"Lakota Winter Counts" offers the world's largest database of Lakota "winter counts" -- pictures drawn on cloth or buffalo hide to remember each year's key events (1701 to 1905). Ten Lakota bands' winter counts are shown side by side on a timeline. Compare how the bands depicted a particular year. Search for an image. Watch interviews with Lakota. Learn about the culture of this Sioux tribe of the northern plains that followed buffalo herds for food. A teachers guide is included. (NMNH/SI) http://wintercounts.si.edu/
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Nat Turner: A Troublesome Property

"Nat Turner: A Troublesome Property" is the companion website of a film that examines the story of Turner & his revolt & how that story has been re-told repeatedly since 1831. Turner, a slave & preacher in Virginia, led a slave rebellion that resulted in the murder of more than 50 slave owners & their family members. Learn about the impact of the rebellion & about the film & individuals who made it. (NEH) http://www.pbs.org/independentlens/natturner/
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Newspaper Pictorials: World War I Rotogravures

"Newspaper Pictorials: World War I Rotogravures" presents images published from 1914-19 by two New York newspapers. The images, produced by a new "rotogravure" printing process, show events of the war alongside news & advertisements of the day. Essays discuss the origin of the war, costs of the war, President Wilson's 14 points, the armistice, military technology, the sinking of the Lusitania, "pictures as propaganda," & the rotogravure process. A World War I timeline is included. (LOC) http://memory.loc.gov/ammem/collections/rotogravures/
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September 11, 2001, Documentary Project

"September 11, 2001, Documentary Project" captures eyewitness accounts, reactions, & opinions of people in the months after the terrorist attacks on the World Trade Center, the Pentagon, & United Airlines Flight 93. This online presentation includes nearly 200 audio & video interviews, 45 photos & drawings, & 21 written narratives. (LOC) http://memory.loc.gov/ammem/collections/911_archive/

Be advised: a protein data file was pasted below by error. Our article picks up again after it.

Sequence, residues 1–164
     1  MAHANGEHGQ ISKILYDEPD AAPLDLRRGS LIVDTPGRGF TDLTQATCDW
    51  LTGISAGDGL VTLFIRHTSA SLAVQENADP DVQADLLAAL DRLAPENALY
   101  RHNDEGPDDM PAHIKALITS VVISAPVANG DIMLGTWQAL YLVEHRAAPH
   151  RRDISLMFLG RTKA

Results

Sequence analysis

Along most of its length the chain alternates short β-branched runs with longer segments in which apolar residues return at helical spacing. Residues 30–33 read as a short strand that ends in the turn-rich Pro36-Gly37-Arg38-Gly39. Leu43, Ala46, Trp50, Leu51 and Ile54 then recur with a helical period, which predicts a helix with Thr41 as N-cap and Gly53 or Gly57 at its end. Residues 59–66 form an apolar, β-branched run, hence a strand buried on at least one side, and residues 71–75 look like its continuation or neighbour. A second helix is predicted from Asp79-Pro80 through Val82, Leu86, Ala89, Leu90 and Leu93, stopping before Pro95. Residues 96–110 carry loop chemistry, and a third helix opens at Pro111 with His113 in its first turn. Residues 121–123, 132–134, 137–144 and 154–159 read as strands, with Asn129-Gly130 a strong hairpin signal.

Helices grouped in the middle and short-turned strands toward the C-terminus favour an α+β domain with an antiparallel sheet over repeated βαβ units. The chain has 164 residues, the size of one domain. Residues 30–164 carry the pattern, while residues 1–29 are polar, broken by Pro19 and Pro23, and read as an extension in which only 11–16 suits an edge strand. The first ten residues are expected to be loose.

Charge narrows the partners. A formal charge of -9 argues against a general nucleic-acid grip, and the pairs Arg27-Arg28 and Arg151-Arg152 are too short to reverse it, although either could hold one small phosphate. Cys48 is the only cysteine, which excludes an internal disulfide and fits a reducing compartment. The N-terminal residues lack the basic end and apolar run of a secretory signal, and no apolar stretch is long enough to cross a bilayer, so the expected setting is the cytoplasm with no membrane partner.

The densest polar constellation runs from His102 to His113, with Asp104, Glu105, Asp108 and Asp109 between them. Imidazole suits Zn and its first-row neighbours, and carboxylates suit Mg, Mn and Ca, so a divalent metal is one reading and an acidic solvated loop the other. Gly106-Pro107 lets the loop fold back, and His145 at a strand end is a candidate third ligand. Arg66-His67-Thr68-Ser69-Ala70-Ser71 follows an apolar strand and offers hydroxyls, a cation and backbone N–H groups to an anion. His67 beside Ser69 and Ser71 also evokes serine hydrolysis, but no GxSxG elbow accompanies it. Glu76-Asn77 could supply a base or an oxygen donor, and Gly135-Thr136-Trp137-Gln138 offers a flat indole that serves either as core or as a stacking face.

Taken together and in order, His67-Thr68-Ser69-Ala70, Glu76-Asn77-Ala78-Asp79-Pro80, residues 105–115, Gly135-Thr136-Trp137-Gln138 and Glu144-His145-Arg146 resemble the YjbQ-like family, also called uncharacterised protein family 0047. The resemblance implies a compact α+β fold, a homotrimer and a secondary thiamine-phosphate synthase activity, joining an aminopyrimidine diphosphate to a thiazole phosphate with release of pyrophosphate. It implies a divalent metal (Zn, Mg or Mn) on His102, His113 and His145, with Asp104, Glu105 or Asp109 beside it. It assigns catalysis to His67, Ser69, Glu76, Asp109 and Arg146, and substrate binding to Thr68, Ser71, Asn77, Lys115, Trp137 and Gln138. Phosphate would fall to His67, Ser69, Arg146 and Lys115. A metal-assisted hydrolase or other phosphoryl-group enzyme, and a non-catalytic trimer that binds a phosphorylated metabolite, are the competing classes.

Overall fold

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The E Pluribus Unum Project

"The E Pluribus Unum Project" examines Americans' attempt to make "one from many" in three pivotal decades: the 1770s, 1850s, & 1920s. Each decade is framed by an introductory essay with links to key topics & primary documents, including the Declaration of Independence, newspapers, & the rhetoric of the Revolution; reform, cultures of the North & South, religion, & popular movements; and prohibition, Broadway, evangelical Protestantism, & the Roaring Twenties. (NEH) http://www.assumption.edu/ahc/
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The Elizabeth Murray Project

"The Elizabeth Murray Project" looks at the eventful life of Elizabeth Murray as a window into the world of revolutionary America. Murray was a shopkeeper in 18th-century Boston (selling imported British fashions) and married three times. Her friends included officers in both the Colonial & British armies, & her home was used as quarters by both armies. (NEH) http://back.acs.csulb.edu:8080/emurray/
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The Most Dangerous Woman in America

"The Most Dangerous Woman in America" is a companion website for a film that examines the case of Typhoid Mary, a cook who was quarantined for life against her will in the early 1900s. The site includes a history of quarantine, a letter Mary Mallon wrote when petitioning the courts for her release, an examination of whether public health officials were to blame for Mallon's behavior, & a mysterious "disease outbreak" for students to solve. (NEH) http://www.pbs.org/wgbh/nova/typhoid